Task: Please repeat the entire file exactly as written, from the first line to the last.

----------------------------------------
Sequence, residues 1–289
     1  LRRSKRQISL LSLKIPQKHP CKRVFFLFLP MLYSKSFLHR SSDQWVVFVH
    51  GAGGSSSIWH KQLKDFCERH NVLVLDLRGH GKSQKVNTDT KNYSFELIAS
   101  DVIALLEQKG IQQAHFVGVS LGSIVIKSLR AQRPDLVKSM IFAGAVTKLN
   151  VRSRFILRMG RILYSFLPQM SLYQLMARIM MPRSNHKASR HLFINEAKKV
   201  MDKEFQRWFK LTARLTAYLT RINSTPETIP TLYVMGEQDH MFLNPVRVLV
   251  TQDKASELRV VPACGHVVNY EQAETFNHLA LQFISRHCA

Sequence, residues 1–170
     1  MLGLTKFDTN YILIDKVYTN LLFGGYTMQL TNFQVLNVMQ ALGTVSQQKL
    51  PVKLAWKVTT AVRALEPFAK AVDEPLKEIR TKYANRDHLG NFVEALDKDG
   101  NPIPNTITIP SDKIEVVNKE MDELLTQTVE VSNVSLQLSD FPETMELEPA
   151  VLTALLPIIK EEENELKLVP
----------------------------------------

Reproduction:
Sequence, residues 1–289
     1  LRRSKRQISL LSLKIPQKHP CKRVFFLFLP MLYSKSFLHR SSDQWVVFVH
    51  GAGGSSSIWH KQLKDFCERH NVLVLDLRGH GKSQKVNTDT KNYSFELIAS
   101  DVIALLEQKG IQQAHFVGVS LGSIVIKSLR AQRPDLVKSM IFAGAVTKLN
   151  VRSRFILRMG RILYSFLPQM SLYQLMARIM MPRSNHKASR HLFINEAKKV
   201  MDKEFQRWFK LTARLTAYLT RINSTPETIP TLYVMGEQDH MFLNPVRVLV
   251  TQDKASELRV VPACGHVVNY EQAETFNHLA LQFISRHCA

Sequence, residues 1–170
     1  MLGLTKFDTN YILIDKVYTN LLFGGYTMQL TNFQVLNVMQ ALGTVSQQKL
    51  PVKLAWKVTT AVRALEPFAK AVDEPLKEIR TKYANRDHLG NFVEALDKDG
   101  NPIPNTITIP SDKIEVVNKE MDELLTQTVE VSNVSLQLSD FPETMELEPA
   151  VLTALLPIIK EEENELKLVP